Talking about everything from farm animals to scuba diving, Ken Piggot sat on the couch in his home on 10th Street South, the same home he built with his father in the late 1950s, and told stories about his life growing up in Golden.
“My father and his family were from Britain. My grandmother was widowed, and her husband had huge family who were expecting to take over with the kids. My grandmother said that’s not going to happen,” said Piggot, reminiscing about how his family came to settle in Golden.
“So one of her brothers-in-law said ‘OK, whatever you want.’ And he sent the family to Canada. That was 1911.”
A family member had ventured to Canada first and decided that Golden was the best place to settle. The family bought some property seven miles down the valley.
Piggot’s father was the youngest of the children to immigrate, and he and his older brother found love in the same place.
“My dad and his brother married my mother and her sister,” said Piggot.
His mother was from Kelowna, so Piggot spent a bit of his childhood in the Okanagan, but was quite happy to eventually return home.
“We lived there for a period of time, but it just wasn’t the right country for us. I was really happy when we came back here, and I’ve been here ever since,” he said.
“I thought it was great growing up here. We farmed until I was 11 or 12… there were always lots of animals around. Most of the animals were pets, most of the time, but unfortunately, eventually you had to eat some of them.”
He recalled the family’s labrador retriever dog who became attached to two colts. The trio would follow each other around, and even sleep together.
It was also his family’s farm work that first introduced Piggot to his wife.
“I first met my wife when she was eight years old. My uncle used to purchase cattle from farmers down the valley,” said Piggot. His uncle brought him along to help purchase the cattle and transport them.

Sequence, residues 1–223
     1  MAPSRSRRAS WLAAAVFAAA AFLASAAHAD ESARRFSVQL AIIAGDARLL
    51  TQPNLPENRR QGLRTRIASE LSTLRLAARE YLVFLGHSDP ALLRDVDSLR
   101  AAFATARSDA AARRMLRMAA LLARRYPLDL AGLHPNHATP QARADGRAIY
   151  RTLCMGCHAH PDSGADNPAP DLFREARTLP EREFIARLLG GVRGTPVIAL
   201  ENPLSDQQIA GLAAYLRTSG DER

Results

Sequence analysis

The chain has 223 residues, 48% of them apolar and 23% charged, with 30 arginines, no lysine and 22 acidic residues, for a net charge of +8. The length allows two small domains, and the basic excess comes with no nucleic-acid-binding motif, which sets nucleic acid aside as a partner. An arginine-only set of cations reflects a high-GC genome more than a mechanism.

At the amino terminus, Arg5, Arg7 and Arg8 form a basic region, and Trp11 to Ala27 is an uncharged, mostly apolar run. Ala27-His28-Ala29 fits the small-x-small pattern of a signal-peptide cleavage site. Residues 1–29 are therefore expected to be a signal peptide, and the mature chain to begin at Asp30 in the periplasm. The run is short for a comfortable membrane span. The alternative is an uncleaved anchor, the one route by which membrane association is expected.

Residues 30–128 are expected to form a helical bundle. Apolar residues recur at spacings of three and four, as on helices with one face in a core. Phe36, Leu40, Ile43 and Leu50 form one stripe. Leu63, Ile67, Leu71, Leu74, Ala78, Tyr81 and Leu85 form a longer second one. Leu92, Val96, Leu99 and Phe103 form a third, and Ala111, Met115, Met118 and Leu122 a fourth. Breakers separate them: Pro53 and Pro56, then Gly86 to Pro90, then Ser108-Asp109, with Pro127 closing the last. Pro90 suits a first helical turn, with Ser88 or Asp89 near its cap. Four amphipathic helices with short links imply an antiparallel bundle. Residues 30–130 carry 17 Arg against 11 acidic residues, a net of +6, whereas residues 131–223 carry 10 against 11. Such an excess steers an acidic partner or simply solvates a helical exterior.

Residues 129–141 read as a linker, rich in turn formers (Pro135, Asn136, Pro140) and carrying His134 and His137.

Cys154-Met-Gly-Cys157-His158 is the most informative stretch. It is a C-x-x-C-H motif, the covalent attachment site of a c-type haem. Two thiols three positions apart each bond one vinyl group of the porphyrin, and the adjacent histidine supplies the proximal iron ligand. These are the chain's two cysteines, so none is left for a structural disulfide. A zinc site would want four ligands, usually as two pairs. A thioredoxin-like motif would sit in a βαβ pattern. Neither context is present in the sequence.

“So we went down there, and across this yard there was this eight-year-old girl running around.”
It would be a few more years before they would officially meet as teenagers. Piggot’s friend wanted to go on a date with a young girl, but the girl’s mother wouldn’t let them go unless Piggot went along. The girl brought along her friend and it turned out to be that same eight-year-old girl.
“We had a lot of fun together. We did a lot of touring around the country, a lot of camping, hiking, skiing,” said Piggot.
“I skied in the mountains here a lot, just backcountry skiing. We have three boys, and two of them were racing, so we were going to Lake Louise all the time.”
Backcountry skiing was a big part of Piggot’s life. After learning to ski from his friend Sid Fuez, the pair would explore and ski all around the area, including what is now the ski resort.
“The hill up there was originally started by a group of local skiers. We were all involved in that, building the first runs and roads, all of that. It was fun, it was really exciting,” said Piggot, who has had a season pass every year the hill has been open.
Piggot had a variety of summer hobbies as well, including scuba diving.
“There was eight or nine of us in town here who used to scuba dive. We’d practice on the lakes around here, and usually make one trip a year down to the coast for a week, or so, diving off boats,” he said.
“A few times I got called by the RCMP for assistance with someone who had gone into the lake or river−looking for remains. I never really liked doing it, but you do it because it’s one of the things you can do to help.”
In his years belonging to this community, Piggot has raised three sons, has several grandchildren and one great grandchild, has worked multiple jobs, and has truly taken advantage at the natural splendour Golden has to offer.
“I was content here. All my friends are here. I like to ski, I like the backcountry. We do lots of hiking and climbing. I’d look around and think: where else would I go?”